Oklahoma's Own In Focus: Woman Convicted Of Enabling Child Abuse Asks State For Early Release From Prison

Oklahoma's Own In Focus: Woman Convicted Of Enabling Child Abuse Asks State For Early Release From Prison

A woman convicted of enabling child abuse in 2007 is looking to get out of jail early, but the family of the abused toddler is holding a protest in an attempt to make sure she serves her sentence.

Two-year-old Kelsey Smith Briggs died in 2005 from a blow to the stomach at her mother and stepfather’s home in Lincoln County.

Kelsey's mother, Raye Dawn Smith, and stepfather, Michael Lee Porter, were sent to prison in 2007.

Raye Dawn Smith was sentenced to 27 years in prison for enabling child abuse. Since then, she’s been at Mabel Bassett Correctional Center serving time.

Smith is asking for an early release, citing good behavior.

The Kelsey Smith Briggs Case

Kelsey Smith Briggs became a household name as the Oklahoma toddler who suffered countless bruises and two broken legs.

Kelsey’s care was under the Department of Human Services supervision when she was killed, making her case emblematic of systemic failure in the state’s child protective services. A law was passed in her name that aimed to reform the system.

“When I see those pictures, I try my best, as bad as it may sound, to not think,” Lance Briggs said. “It hurts too much.”

"We thought 27 years was justice and to be let out early would be just, it's sickening," Briggs said.

Lance Briggs was fighting overseas as his daughter, Kesley, was fighting for her life. She died from child abuse and no one was convicted for her murder. Porter was charged, he pled down, and received a 30-year sentence in exchange for his testimony against Smith.

“I believe she’s the one that killed Kelsey,” Briggs said.

Kelsey's grandfather, Royce Briggs, will be at the hearing with Kelsey's grandmother and other family members on Monday.

"I do understand, and I do believe there are people in prison that have been over-sentenced." Royce Briggs said. "Raye Dawn was not one of them."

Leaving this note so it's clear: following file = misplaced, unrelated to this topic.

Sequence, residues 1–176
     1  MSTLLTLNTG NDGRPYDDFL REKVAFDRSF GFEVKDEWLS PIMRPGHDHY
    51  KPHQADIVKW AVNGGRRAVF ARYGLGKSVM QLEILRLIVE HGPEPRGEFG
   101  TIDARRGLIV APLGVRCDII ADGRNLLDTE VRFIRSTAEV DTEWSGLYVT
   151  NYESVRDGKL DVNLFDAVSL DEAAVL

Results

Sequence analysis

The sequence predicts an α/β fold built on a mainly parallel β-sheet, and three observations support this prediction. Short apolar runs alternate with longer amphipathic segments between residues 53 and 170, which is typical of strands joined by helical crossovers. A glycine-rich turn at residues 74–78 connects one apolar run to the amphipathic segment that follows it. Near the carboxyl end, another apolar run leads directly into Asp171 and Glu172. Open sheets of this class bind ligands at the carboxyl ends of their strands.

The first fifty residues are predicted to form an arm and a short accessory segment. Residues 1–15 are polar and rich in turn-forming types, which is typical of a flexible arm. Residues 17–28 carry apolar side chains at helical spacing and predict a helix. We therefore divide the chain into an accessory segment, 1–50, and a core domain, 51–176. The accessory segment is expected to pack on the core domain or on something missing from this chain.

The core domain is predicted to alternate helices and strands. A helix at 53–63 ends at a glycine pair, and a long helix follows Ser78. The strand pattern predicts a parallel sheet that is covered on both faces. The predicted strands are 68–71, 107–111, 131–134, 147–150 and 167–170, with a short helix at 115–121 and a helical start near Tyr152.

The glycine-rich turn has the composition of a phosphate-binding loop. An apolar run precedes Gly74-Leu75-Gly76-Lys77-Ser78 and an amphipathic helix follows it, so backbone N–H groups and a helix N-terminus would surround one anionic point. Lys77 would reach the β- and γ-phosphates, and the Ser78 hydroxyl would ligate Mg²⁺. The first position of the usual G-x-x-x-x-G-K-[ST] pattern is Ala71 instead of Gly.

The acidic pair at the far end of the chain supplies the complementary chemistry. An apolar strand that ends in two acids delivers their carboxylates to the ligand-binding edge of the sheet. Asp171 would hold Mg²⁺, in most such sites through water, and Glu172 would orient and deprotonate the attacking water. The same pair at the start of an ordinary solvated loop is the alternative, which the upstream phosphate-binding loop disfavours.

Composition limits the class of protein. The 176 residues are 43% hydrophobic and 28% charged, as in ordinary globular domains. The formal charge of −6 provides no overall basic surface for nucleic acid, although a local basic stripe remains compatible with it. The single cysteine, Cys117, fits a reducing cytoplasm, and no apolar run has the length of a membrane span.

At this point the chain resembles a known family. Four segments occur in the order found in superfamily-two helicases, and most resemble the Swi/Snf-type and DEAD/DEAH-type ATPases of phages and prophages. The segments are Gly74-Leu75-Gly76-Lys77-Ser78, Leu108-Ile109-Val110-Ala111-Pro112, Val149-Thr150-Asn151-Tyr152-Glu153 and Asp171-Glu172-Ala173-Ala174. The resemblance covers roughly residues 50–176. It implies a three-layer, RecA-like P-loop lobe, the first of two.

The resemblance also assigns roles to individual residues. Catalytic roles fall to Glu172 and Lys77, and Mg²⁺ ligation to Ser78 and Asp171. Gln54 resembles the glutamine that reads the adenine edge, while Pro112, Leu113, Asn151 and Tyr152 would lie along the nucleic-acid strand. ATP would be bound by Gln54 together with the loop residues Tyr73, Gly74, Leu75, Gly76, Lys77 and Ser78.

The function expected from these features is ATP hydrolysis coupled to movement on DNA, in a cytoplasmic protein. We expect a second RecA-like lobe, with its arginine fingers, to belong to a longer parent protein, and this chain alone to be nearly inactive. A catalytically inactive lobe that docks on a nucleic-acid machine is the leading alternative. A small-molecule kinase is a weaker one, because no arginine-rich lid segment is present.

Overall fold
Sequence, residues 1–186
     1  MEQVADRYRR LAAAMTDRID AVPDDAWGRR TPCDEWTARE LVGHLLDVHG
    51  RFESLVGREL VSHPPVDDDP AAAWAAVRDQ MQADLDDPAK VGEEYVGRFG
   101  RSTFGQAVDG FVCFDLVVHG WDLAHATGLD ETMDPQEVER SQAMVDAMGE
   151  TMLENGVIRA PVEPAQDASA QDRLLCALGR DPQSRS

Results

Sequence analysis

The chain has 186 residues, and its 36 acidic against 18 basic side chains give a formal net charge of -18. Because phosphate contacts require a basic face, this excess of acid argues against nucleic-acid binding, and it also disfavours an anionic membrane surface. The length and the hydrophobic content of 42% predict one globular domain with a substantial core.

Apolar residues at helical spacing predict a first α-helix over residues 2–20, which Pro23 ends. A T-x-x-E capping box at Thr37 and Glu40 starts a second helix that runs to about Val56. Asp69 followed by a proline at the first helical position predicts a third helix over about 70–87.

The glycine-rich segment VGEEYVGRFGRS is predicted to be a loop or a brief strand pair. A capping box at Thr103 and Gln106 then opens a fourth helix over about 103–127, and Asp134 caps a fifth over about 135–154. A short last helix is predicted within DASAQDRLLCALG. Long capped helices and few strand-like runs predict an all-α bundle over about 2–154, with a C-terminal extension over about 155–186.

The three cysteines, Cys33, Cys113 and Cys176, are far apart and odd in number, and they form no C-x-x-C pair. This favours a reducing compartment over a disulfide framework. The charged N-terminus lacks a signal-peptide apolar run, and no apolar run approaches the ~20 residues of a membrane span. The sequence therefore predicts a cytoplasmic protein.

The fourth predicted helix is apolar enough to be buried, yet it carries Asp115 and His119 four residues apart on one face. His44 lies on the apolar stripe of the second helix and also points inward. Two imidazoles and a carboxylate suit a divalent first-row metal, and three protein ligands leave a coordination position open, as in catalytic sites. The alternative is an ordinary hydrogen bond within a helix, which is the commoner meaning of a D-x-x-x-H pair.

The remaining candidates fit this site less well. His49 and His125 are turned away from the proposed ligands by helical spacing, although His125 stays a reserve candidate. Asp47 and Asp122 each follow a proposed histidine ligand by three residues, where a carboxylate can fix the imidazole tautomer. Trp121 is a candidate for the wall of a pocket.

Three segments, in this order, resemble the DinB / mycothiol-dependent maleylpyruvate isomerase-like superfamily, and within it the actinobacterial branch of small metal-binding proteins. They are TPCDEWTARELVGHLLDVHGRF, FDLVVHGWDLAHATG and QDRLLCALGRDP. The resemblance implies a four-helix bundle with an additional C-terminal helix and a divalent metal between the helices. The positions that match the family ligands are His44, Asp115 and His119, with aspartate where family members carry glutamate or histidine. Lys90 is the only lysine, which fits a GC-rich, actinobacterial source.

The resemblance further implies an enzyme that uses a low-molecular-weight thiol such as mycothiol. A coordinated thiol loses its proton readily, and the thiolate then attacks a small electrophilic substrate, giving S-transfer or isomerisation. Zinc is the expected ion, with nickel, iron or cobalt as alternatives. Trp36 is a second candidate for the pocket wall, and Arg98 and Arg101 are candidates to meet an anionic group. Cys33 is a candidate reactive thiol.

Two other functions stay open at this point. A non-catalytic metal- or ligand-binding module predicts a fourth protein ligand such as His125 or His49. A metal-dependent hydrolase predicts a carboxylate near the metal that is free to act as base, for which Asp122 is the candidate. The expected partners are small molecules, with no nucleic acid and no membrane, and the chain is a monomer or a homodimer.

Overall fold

Raye Dawn Smith’s Commutation Request

In her commutation application, Smith denies any involvement in her daughter's death. 

Morgan Hale with the nonprofit Project Commutation is helping Smith make her case for an early release. While in prison, Smith has completed 74 rehabilitation programs and served as a faith and character advisor for other inmates while earning two degrees, among other things.

“Commutation is really about looking at excessive sentences and it is a disparity issue,” Hale said. “[Porter] receiving 30 years for murdering Kelsey Briggs and Raye Dawn receiving 27 years for ‘something she should have known.’”

Smith has had no disciplinary issues and her records show she plans to get her master's degree and stay far away from her past life.

Briggs says Smith needs to serve 85 percent of her sentence and that anything less would be a miscarriage of justice.

Briggs and other family members began protesting to the Pardon and Parole Board last week when they received a notification about the commutation hearing.

Lincoln County District Attorney Adam Panter also sent the board a letter, which says in part, “She should be shown the exact same mercy she gave to her own child, which was to do absolutely nothing."

Panter reminded the board that Kelsey’s death was slow and agonizing.

The district attorney and Briggs will be allowed to speak at the hearing next Monday. Smith’s supporters will be allowed to address the board on Tuesday.

Stage two of Smith’s commutation hearing will take place when the Oklahoma Pardon and Parole Board meets June 3-5. Briggs and supporters are expected to speak on Monday. Smith and her supporters are expected to address the board on Tuesday afternoon. If she receives three of five votes the commutation request will head to the governor.